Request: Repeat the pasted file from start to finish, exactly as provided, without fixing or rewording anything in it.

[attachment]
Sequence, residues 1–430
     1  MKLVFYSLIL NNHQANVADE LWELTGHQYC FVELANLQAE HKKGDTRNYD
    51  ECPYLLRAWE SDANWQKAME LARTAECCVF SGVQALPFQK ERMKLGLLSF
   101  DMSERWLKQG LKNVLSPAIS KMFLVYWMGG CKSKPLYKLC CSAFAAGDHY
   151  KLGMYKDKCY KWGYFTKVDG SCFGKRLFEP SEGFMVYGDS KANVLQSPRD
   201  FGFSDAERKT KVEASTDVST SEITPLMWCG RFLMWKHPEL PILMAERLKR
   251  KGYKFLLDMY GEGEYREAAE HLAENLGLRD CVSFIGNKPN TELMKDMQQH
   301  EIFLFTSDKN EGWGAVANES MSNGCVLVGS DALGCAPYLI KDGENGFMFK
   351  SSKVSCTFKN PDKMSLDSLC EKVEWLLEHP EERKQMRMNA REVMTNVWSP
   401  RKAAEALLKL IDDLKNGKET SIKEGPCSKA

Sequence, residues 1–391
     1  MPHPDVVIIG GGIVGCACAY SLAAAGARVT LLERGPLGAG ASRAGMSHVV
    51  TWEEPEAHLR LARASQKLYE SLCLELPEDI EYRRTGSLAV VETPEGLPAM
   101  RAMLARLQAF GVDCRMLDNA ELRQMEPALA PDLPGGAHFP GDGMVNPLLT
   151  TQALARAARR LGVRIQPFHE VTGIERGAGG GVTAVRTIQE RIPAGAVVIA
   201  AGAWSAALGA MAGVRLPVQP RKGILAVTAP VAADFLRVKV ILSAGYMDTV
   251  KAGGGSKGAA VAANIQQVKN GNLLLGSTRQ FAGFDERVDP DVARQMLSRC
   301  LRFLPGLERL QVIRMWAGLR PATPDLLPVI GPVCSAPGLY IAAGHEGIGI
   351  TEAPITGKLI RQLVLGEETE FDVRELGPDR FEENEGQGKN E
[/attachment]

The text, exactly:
Sequence, residues 1–430
     1  MKLVFYSLIL NNHQANVADE LWELTGHQYC FVELANLQAE HKKGDTRNYD
    51  ECPYLLRAWE SDANWQKAME LARTAECCVF SGVQALPFQK ERMKLGLLSF
   101  DMSERWLKQG LKNVLSPAIS KMFLVYWMGG CKSKPLYKLC CSAFAAGDHY
   151  KLGMYKDKCY KWGYFTKVDG SCFGKRLFEP SEGFMVYGDS KANVLQSPRD
   201  FGFSDAERKT KVEASTDVST SEITPLMWCG RFLMWKHPEL PILMAERLKR
   251  KGYKFLLDMY GEGEYREAAE HLAENLGLRD CVSFIGNKPN TELMKDMQQH
   301  EIFLFTSDKN EGWGAVANES MSNGCVLVGS DALGCAPYLI KDGENGFMFK
   351  SSKVSCTFKN PDKMSLDSLC EKVEWLLEHP EERKQMRMNA REVMTNVWSP
   401  RKAAEALLKL IDDLKNGKET SIKEGPCSKA

Sequence, residues 1–391
     1  MPHPDVVIIG GGIVGCACAY SLAAAGARVT LLERGPLGAG ASRAGMSHVV
    51  TWEEPEAHLR LARASQKLYE SLCLELPEDI EYRRTGSLAV VETPEGLPAM
   101  RAMLARLQAF GVDCRMLDNA ELRQMEPALA PDLPGGAHFP GDGMVNPLLT
   151  TQALARAARR LGVRIQPFHE VTGIERGAGG GVTAVRTIQE RIPAGAVVIA
   201  AGAWSAALGA MAGVRLPVQP RKGILAVTAP VAADFLRVKV ILSAGYMDTV
   251  KAGGGSKGAA VAANIQQVKN GNLLLGSTRQ FAGFDERVDP DVARQMLSRC
   301  LRFLPGLERL QVIRMWAGLR PATPDLLPVI GPVCSAPGLY IAAGHEGIGI
   351  TEAPITGKLI RQLVLGEETE FDVRELGPDR FEENEGQGKN E